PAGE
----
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All the Jazz Kids Love Gregory Porter

by Kim Lauren / 08.05.2013

I was relaxing near the tea and coffee table in the hotel lobby when two friends from jazz school came bounding down the escalator.

“Oh my gosh, Gregory Porter is A-MAZING!”

I had been introduced to Porter’s music about two days ago, when my trainer used him as a case study. He’s got two albums out – Water and Be Good – and was nominated for a Grammy once. But that’s not the important part. The important part is that his old world, old school appeal is brought to life in the 21st century. As I chatted with these friends, I realised my excitement was mounting.

“His voice!” said the guy.

“I know,” said the girl, shoving her camera into my face. “He was singing in there.” She was talking about the master classes. Those are held in conjunction with the Cape Town International Jazz Festival every year. They’re free for anyone wanting to meet their favourite artists, but there’s not a lot of publicity, so it’s usually the music students and journos who make up the majority of the crowd.

Three tiny heads peeked out from the LCD screen. One head was larger than the others, with a hat and balaclava on it? I asked about this. Apparently he has some kind of skin problem and likes to keep everything covered. Whatever works for him, I suppose. Then suddenly he was coming down the escalator towards us.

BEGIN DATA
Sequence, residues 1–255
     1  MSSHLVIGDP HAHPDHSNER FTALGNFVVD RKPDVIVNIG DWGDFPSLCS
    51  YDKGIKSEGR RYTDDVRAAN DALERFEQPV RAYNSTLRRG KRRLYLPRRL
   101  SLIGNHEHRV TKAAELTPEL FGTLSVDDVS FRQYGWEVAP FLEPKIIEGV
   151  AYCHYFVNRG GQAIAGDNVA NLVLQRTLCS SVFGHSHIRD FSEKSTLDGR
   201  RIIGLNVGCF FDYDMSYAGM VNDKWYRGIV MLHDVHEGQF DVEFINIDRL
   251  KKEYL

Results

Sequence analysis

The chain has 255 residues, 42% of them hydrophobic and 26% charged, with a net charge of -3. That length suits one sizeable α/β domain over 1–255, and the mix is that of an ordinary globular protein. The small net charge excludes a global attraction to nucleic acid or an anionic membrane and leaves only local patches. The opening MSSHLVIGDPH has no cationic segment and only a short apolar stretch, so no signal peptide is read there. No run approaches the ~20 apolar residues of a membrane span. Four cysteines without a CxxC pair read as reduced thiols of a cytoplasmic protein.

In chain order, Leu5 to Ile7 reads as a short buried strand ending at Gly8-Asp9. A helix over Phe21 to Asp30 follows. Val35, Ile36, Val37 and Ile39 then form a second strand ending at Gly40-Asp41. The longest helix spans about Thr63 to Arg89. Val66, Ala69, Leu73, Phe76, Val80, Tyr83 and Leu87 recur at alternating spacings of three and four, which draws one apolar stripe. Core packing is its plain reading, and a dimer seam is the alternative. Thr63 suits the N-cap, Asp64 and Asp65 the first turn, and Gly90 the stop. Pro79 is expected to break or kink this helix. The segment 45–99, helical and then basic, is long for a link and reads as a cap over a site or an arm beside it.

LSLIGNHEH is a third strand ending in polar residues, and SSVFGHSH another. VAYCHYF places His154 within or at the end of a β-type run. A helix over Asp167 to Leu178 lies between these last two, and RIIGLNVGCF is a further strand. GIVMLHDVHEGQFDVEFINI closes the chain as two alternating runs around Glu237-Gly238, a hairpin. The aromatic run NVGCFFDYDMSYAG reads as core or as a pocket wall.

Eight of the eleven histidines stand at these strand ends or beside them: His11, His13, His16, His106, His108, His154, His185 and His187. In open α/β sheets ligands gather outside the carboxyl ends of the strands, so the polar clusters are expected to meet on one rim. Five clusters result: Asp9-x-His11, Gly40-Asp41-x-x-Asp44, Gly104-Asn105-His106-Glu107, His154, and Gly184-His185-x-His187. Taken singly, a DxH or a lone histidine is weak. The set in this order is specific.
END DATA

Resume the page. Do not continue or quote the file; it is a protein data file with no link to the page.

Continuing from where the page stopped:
“That’s him!” they whispered excitedly, nodding in recognition as he walked past. Much like a stalker, I followed him. This was my cue. To meet him, in the press conference room. As soon as a few more journalists had filtered in, the heavy wooden doors were shut and the praise session began. It was the strangest press conference I’d ever attended! Every reporter or radio presenter that spoke had something wonderful to say… and not very many questions. It was all centered around how talented Gregory Porter is. How he had impacted their lives. I couldn’t understand. His short biography was nothing to go by. Grew up with Nat King Cole records, came from a broken home, apparently produces very emotion-based music. Hmmm. I made a mental note to see his show at the Jazz Fest the next day.

And that was my Gregory Porter turning point. I was rushing from covering two other concerts – Ceu and Robert Glasper – to shoot his show. The photography pits are insane at the Jazz Fest and I was exhausted. I hurried on, getting to Porter’s performance before my fifteen minute slot to photograph was over. But this time the camera wasn’t driving my decisions. The music was. All I could think about when I heard his voice was double chocolate fudge syrup dribbled over vanilla ice cream. It was so smooth, so real, so fresh and new, yet so archaic… he sings like an original 1960s vinyl record. When he opened his mouth his soul came out.

He said, “Here, have a look at me. This is who I am. I don’t care who sees, as long as you understand.”
I think that’s why all the jazz kids love him. He might just be our generation’s embodiment of what’s in a jazz musician’s heart.

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